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Stressed spelled backwards is desserts

06 Nov

cropped-13417416_1089550607782925_630592262196408666_n.pngYou may have heard that stressed spelled backwards is desserts, but what does that really mean? Will eating a twinkie help you manage your kids better…should you eat ice cream right before a job interview… is there a way you can find time to have your cake and eat it too?

Before we can answer that question we need to define exactly what stress is. Simply put, stress is a bodily response to any change that occurs around you.

In many cases the change is a good thing (like buying a house or coming inside from a cold day) and your body makes the necessary adjustments to deal with the change. If the change is small you may not even notice these changes, but if it is significant you may feel your muscles getting tense, feel your heart pounding, get clammy hands or feel your stomach tighten.

Using this surge of energy to respond to the change and then letting your body relax is actually the way God planned it to be. It is this type of stress that helps you focus on an important goal and makes you very productive in coming up with a solution to a tough problem.

Using stress this way also leaves people with a real sense of accomplishment, especially when the task is done and you allow yourself to wind down. The problem comes though, of course, when there is more stress than you can handle and the chance to relax never comes.

When this state of constant stress happens, people begin to become anxious, worry and get ‘stressed-out’. As Americans, we also tend to push our bodies pretty hard. Trying to get all our work done on top of social and family commitments means that there is less time for our body to rest. As your body tries to stay healthy despite high levels of stress, you will probably begin to feel stress in one or more of the following ways.

  • Physically: you may experience fatigue, headaches, neck and back pains, sleeping problems, loss of appetite, ulcers, cramps and diarrhea, colitis, high blood pressure, skin rashes, abnormal heart beat and even heart attacks, strokes and seizures.
  • Emotionally: you may become depressed, irritable, moody, impatient, overly sensitive, anxious, or have trouble with memory and concentration.
  • Behaviorally you may suffer from repetitive thoughts, compulsive eating, avoidance of work, and we may turn more often to alcohol, drugs and coffee.

Although these symptoms are not very pleasant, these warning signs are necessary for your body to warn you so that the stress you feel now won’t leave any permanent damage later. To insure this damage does not occur, several practical techniques have been developed to first help you reduce and then manage the stress in your life.

First, researchers agree that you must identify the major stressors in your life. Whether it is the everyday demands of work and home, major life changes or simply the accumulation of several minor annoyances and irritations, it is important to determine which are problem areas of stress for you. The following is an incomplete list of some of the most common stressors people face:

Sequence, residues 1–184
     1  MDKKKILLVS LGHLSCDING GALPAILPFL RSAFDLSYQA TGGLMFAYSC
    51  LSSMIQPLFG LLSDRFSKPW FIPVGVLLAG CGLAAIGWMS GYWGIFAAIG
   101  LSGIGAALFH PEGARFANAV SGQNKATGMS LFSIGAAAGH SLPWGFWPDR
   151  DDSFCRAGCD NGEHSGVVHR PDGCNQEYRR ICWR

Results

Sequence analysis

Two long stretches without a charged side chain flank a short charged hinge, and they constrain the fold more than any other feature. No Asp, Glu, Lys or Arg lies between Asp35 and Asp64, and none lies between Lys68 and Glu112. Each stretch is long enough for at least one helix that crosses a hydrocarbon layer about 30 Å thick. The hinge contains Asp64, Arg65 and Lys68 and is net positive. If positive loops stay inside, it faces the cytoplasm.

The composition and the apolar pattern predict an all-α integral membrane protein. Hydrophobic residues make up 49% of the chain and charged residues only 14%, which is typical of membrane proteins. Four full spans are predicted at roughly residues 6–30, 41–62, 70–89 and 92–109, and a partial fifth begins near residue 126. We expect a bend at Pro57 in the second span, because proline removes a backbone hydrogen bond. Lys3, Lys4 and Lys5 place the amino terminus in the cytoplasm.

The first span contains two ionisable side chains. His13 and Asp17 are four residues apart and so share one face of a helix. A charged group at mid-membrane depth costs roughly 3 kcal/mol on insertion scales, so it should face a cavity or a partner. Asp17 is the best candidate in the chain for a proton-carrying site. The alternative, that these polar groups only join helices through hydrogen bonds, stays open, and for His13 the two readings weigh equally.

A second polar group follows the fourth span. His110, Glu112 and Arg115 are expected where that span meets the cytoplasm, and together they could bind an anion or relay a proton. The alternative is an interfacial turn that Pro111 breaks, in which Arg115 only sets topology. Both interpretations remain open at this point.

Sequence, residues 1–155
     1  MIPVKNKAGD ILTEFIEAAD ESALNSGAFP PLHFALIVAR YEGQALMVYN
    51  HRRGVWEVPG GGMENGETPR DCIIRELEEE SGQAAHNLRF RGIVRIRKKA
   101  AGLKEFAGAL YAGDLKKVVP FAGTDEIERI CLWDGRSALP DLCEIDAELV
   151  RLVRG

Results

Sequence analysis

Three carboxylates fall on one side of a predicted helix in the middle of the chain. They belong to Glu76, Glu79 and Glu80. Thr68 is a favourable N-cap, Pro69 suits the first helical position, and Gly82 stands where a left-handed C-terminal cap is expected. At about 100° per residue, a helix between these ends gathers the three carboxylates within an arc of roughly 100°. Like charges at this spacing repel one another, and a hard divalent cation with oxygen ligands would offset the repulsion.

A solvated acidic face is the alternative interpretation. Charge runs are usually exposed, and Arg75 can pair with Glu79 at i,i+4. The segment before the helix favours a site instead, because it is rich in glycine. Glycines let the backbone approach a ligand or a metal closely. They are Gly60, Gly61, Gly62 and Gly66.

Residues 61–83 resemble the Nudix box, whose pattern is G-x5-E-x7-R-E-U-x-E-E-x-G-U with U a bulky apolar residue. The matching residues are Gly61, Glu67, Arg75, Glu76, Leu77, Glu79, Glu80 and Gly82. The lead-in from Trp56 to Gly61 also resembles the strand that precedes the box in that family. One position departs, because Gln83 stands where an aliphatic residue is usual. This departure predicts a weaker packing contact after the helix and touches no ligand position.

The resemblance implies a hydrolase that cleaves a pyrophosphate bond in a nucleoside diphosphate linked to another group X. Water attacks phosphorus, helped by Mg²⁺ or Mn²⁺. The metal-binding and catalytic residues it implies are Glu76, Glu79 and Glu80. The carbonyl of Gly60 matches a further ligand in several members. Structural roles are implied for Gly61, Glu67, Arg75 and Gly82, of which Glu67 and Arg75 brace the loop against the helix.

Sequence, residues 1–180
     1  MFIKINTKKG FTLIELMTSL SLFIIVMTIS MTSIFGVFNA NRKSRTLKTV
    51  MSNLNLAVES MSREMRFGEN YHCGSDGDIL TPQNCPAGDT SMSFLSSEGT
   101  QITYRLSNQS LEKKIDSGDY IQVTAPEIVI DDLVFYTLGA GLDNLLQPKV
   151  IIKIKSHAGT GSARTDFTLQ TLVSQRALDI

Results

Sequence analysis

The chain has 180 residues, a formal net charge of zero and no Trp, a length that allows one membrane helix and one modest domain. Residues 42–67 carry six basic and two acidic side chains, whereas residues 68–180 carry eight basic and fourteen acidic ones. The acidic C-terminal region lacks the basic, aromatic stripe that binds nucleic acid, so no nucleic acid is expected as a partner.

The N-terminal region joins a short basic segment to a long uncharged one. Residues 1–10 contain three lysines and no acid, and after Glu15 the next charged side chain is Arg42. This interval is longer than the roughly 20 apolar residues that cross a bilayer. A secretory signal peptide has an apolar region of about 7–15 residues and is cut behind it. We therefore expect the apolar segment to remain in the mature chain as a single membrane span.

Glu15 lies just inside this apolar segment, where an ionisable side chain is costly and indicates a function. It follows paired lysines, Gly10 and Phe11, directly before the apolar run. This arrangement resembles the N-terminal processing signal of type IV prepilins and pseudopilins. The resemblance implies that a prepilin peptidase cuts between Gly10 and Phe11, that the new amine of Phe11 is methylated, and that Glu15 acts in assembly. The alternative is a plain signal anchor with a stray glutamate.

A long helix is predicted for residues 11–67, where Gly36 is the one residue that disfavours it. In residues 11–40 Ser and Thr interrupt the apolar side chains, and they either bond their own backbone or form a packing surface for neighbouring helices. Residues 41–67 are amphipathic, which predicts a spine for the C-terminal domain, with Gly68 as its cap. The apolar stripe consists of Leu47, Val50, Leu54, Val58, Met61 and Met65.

• Balancing multiple responsibilities (job, family, school, friends, etc.)
  • Change in job situation (promotion, demotion or unemployment)
  • Death or lengthy illness (either loved ones or self)
  • Divorce or Separation (either parent or self)
  • Financial instability
  • Lack of sleep or adequate relaxation
  • Life worries (death, meaning of life, etc.)
  • Moving
  • Peer pressure
  • Relational difficulties
  • Substance abuse (caffeine, nicotine, alcohol, drugs etc.)
  • Unfinished tasks

Secondly, you must begin to reduce the amount of stress in your life. Recognize that there are things that you cannot change. Try setting aside less critical tasks until later and/or giving yourself a short break to gain a better perspective. Take control of your life by not allowing yourself to take on new commitments (even if they seem attractive), and work to reduce or finish your existing commitments.

Next, it is time to develop better coping skills; changes in life will cause less stress if you can be prepared for them. When dealing with a stressful time it is very important to get a sufficient amount of sleep, to keep a balanced diet and to take time for exercise and quiet times. Many people also try to deal with the demands of life by themselves. If you find yourself stressed out, ask for help. Often times just talking with friends, family and others can lessen the load.

You can also change your response to a stressful situation. Sometimes we need to take the pressure off ourselves. Try leaving intentional downtime in your schedule next week and use the time to have some fun. Spend more time doing the things you enjoy, laugh more, indulge yourself with a bath ” or do nothing at all. Remember to live in the present. If you are the type of person that regrets past actions, work towards letting them go; the past is history. On the flip side, realize that worrying or fearing the future won’t change the outcome. Lastly, learn to relax. There are many good books that describe techniques like deep breathing and progressive muscle relaxation.

 
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Posted by on November 6, 2017 in Encouragement

 

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